The Taiwanese Defense Ministry announced that the Liaoning, an unfinished Soviet-built aircraft carrier that was purchased, refitted, and launched by the People's Liberation Army-Navy, entered the Taiwan Strait from the southwest in the wee hours of Tuesday morning.
The Liaoning and its accompaniment entered Taiwan's Air Defense Identification Zone, but stayed in Chinese waters. The group passed through the Strait without incident. "While the group was passing through the Taiwan Strait there were no abnormal activities, and people can rest easy," the island's Defense Ministry wrote.
This is not the first time that the Liaoning has passed through the Taiwan Strait, which has great commercial significance to China in addition to its sensitivity as the naval border between the two Chinas. Beijing still considers Taiwan — for all intents and purposes an independent country — to be a wayward province with an illegitimate government.
When asked if the incident was meant as a provocation, the mainland's Taiwan Affairs Office replied that Beijing was using its "greatest efforts and utmost good will" to peacefully reunify the Chinas. "However, it will never tolerate 'Taiwan independence' or allow such forces to split China," added spokesman Ma Xiaoguang in a statement.
After several years of quiet along the Strait, hostilities between China and Taiwan flared after the 2016 election victory of President Tsai Ing-wen and her Democratic Progressive Party. Unlike her predecessors, Tsai has been unwilling to publicly endorse the 1992 Consensus, a cross-strait agreement affirming that there is only one China — although both Beijing and Taipei hold that theirs is the legitimate government.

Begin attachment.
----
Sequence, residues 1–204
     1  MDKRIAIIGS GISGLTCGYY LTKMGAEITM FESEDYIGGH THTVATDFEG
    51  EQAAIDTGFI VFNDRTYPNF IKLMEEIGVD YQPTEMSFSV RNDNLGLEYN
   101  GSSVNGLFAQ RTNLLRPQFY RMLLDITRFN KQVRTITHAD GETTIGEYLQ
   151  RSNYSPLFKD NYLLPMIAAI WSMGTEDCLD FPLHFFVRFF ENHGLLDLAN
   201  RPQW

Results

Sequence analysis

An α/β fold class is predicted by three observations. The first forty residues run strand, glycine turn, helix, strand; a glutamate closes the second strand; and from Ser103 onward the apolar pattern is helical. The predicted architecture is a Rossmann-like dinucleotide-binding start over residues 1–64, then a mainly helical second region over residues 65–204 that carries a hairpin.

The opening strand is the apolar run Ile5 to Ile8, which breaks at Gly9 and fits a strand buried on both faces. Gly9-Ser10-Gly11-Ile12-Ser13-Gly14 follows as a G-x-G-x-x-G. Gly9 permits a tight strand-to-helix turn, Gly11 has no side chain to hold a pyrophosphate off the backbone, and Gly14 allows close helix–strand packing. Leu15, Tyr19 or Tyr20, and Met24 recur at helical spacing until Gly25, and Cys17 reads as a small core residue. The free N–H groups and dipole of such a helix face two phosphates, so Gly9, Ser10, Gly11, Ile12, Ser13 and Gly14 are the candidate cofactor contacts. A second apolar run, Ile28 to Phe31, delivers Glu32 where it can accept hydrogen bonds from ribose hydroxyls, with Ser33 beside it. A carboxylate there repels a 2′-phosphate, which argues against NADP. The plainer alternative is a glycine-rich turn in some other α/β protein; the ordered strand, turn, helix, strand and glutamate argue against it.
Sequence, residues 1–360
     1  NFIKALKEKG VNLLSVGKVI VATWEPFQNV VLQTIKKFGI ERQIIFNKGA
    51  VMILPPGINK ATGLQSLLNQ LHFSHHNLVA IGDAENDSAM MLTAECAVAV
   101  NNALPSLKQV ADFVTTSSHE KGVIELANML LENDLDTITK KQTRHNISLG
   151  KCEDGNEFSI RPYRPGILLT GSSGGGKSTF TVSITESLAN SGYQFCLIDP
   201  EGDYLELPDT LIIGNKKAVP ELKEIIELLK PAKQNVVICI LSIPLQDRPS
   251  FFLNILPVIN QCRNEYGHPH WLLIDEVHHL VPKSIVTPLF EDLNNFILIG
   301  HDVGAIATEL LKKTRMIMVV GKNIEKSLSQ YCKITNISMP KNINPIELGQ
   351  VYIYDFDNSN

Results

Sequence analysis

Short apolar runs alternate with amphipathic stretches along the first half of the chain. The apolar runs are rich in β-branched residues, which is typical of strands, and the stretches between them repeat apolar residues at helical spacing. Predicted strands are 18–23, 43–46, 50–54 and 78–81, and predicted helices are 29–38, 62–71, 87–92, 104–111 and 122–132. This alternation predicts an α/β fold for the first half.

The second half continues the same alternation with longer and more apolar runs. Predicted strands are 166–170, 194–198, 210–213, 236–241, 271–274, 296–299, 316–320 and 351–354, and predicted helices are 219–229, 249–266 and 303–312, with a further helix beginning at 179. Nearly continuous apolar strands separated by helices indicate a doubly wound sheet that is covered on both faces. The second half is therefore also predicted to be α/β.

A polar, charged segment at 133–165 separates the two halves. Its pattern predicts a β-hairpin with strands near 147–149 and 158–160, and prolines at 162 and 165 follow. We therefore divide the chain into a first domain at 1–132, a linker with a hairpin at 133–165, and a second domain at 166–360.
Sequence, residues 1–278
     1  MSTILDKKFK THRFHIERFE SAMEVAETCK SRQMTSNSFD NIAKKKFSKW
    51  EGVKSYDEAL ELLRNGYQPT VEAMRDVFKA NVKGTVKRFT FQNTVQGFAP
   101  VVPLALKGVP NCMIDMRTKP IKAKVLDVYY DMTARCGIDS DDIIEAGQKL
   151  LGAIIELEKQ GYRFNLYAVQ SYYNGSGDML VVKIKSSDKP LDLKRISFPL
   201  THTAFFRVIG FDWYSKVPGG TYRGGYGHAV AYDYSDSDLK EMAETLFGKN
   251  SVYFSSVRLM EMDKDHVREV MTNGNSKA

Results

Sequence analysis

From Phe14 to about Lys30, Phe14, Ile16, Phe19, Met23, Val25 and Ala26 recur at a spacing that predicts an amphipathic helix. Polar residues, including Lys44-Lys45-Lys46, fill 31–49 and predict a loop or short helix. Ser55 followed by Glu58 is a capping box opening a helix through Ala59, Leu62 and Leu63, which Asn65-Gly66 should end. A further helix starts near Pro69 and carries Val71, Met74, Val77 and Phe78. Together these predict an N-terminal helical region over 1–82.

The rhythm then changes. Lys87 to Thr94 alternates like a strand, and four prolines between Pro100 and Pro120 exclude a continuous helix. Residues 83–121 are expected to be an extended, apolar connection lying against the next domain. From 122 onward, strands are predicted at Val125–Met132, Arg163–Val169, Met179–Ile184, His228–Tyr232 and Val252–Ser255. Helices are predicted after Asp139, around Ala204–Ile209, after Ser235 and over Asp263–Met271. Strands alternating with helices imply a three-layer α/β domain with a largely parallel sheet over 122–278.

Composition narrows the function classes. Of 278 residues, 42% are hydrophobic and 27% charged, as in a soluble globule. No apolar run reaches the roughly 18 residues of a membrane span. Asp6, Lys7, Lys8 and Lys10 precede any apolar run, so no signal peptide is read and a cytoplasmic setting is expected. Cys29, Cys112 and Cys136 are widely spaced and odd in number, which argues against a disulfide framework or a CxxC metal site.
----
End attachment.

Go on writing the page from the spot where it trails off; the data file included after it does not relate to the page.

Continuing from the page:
Chinese military posturing has become far more prevalent since 2016, as Beijing suspects Tsai may harbor intentions to declare Taiwan a sovereign nation — a red line in cross-strait relations. Tsai has insisted that her primary goal is to preserve peace.
Tsai has responded to the pressure by vowing to increase defense spending by about $2 billion a year. Although relations were stable before Tsai's presidency, China has drastically increased military spending every year and now enjoys a significant edge over Taipei in that regard. In March 2017, Beijing announced that defense spending would be increased 7 percent over 2017, an increase of $11.1 billion.
Ma mentioned that Tsai's refusal to affirm the 1992 Consensus was damaging relations, as was her intent to bolster Taiwanese military strength. "Whether the Taiwan authorities will follow the good trend and return to the 1992 Consensus or do the opposite depends on its own decisions," he said.
"Based on the common political basis of adhering to the 1992 Consensus and opposing 'Taiwan independence,' we are willing to enhance dialogue and cooperation with all parties, organizations and personages in Taiwan to jointly maintain and promote the interests of people on both sides of the Strait and safeguard the peaceful development of cross-Strait ties," he said.